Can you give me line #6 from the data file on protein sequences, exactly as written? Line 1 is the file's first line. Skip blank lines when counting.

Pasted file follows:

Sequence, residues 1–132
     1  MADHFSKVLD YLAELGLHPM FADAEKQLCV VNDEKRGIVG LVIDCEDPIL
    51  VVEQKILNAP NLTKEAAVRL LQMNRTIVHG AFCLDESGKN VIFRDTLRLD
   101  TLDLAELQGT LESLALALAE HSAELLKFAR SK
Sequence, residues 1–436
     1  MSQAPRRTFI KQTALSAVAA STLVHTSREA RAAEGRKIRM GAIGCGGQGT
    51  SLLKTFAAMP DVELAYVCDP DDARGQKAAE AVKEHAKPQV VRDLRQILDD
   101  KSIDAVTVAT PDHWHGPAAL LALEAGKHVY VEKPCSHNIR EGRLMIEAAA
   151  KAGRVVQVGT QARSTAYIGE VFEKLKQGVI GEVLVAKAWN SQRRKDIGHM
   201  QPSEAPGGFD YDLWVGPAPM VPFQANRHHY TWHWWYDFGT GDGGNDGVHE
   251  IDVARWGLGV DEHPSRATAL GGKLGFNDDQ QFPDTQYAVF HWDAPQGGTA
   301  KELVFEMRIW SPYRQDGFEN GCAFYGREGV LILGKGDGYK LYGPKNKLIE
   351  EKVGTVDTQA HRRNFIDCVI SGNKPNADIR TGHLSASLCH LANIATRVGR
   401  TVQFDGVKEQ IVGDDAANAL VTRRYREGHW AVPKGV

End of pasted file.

     1  MSQAPRRTFI KQTALSAVAA STLVHTSREA RAAEGRKIRM GAIGCGGQGT